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Practice makes near perfect at bedtime

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October 31, 2014
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Any Given Sunday


Wake up and go for a jog. Daughter wants to come. I insist that she partake in silly warm-up stretches before we head out. I pray that neighbors are looking outside their window when we do squats with butts pointing toward them. Daughter has never run before. It’s a brief run. Roughly 30 feet.



Thirty minutes until I have to take Ben to our soccer game. Charlie begs me to play a quick game of roller hockey across street at playground. I tell him I don’t have time. I tell him Ben has a soccer game. He won’t take no for an answer. “Fine. First to five.” He accidentally slashes my finger hard with stick blade. I drop stick in pain. “Ow!!!!” He wins, 5-4. All is well on the Dexcom. Not so well with the finger.



Enter house. Locate shin guards. “Ben we have to go to soccer!” Coach team of 7 and 8 year olds. Wonder if short game of roller hockey will be a blood sugar issue. Opposing coaches rub me wrong way with excessive screaming and jerkishness. I remember them from last season. Remember that they are the reason why I volunteered to be a coach; didn’t want Ben to be on their team. Suddenly I really want to win. Competitiveness growing. Great distraction. Not thinking once about diabetes for one full hour. Losing 4-2 but come back late in game to make it 4-4. Satisfied with the tie. Pep talk and hands in: “1-2-3 AVENGERS!”



Back home. All well with Dexcom. Quick lunch. Take Ben, Charlie and Charlie’s friend fishing. Back and forth to each kid; untangling and baiting and removing fish from hooks. Frequent glances at Dexcom. All is well. “Ow! What the hell?!?” Ankles feel like they’re on fire. “Mr. Potash: I have cankles.” Ankles swelling and itching. 38-weeks pregnant ankles. Standing in a patch of stinging nettle plants apparently. Thankfully only 12 hours of itch. Kids see small mountain. Kids want to climb small mountain. Small mountain not so small. Avoid massive pile of horse crap on trail toward base of mountain. People on horseback trot by. Climb mountain. Out of breath. So steep! Call home. “Can (breath) you (breath) please (breath) put (breath) the pork rub (breath) on the ribs (breath) and (breath) stick (breath) in (breath) oven (breath) at 300 degrees?”



Susanne: What are you doing?



Me: Climbing (breath) mountain. Ankles (breath) on fire. Weird (breath) plant (breath) attack (breath) our ankles. Home (breath) soon.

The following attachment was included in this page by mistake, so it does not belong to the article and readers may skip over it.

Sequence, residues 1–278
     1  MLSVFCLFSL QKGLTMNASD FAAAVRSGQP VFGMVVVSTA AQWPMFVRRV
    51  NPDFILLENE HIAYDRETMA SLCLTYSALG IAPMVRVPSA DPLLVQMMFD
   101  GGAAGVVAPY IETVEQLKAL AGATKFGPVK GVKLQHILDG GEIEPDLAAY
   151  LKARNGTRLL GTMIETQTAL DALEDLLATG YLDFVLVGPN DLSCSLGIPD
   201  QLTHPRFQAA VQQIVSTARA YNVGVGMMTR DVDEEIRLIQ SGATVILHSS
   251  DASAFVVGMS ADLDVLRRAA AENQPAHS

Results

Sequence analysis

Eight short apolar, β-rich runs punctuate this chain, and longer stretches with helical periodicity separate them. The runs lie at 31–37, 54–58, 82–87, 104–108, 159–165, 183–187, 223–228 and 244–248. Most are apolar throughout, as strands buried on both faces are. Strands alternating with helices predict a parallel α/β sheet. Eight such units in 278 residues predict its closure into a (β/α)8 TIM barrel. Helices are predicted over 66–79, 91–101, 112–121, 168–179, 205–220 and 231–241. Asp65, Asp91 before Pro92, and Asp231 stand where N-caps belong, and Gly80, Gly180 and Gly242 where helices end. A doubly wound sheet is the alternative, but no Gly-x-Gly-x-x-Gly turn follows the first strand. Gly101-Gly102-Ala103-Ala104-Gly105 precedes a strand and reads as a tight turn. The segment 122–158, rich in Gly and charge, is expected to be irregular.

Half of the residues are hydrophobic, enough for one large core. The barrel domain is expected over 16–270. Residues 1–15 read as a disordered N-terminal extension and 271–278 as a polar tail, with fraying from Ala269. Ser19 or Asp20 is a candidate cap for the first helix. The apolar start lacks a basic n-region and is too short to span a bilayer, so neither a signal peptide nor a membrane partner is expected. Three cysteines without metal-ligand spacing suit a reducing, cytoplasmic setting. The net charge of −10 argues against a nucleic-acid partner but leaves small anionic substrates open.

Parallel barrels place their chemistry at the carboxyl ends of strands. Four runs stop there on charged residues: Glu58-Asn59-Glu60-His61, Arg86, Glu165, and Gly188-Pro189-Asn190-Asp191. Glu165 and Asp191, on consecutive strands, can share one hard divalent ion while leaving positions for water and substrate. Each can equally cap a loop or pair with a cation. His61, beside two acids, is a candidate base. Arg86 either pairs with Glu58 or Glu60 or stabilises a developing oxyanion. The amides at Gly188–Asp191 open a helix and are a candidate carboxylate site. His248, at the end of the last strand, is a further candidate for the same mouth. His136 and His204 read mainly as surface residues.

Down the mountain much easier. Worry about effect of mountain climbing on blood sugar. Ice cream man. Charlie’s friend orders blueberry water ice and Charlie wants the same. I hold up the line asking to see carb counts. 25 grams. I can live with that. Troubled mind not so troubled. Dexcom says 138. Of course agree to the water ice before realizing it was 25 grams per serving. Actually 50 grams. Probably highest amount of ice cream carbs I’ve ever allowed. Mind slightly troubled. Hoping the mountain climbing balances things out. It does.



Home. Take a short break. Boys run over to neighbor’s house and bounce on trampoline. Worry about effect of trampoline on blood sugar. Worry about those 50 carbs. Sit on deck and watch sugars on Dexcom until he ventures out of range.



Grab shovel and transplant creeping myrtle to fill in bare spots in front yard. Water well. Start grill. Throw ribs on grill. Eat ribs. Exhale.



Sleep.



Dexcom buzz, buzz, buzzes to alert me that Charlie is over 170. Actual blood sugar is 195. I correct with 0.4 units of insulin.



Back to sleep. Dream of giant tidal wave as tall as a skyscraper above me as I float in the water. Wondering how I can possibly survive it.




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Megan Holmes
Megan Holmes Megan was diagnosed in 2009 with Type I. As an RN, she was familiar with the medical side of her diagnosis; learning to be a good patient on the other hand, was and continues to be the challenge of her day to day life.   (Read More)
Michelle Kowalski
Michelle Kowalski Michelle Kowalski, a writer, editor and photography hobbiest living in Phoenix, was diagnosed with Type 2 diabetes in February 2005. In January 2008, as part of her quest to start on an insulin pump, Michelle learned that she actually has type 1 diabetes.   (Read More)
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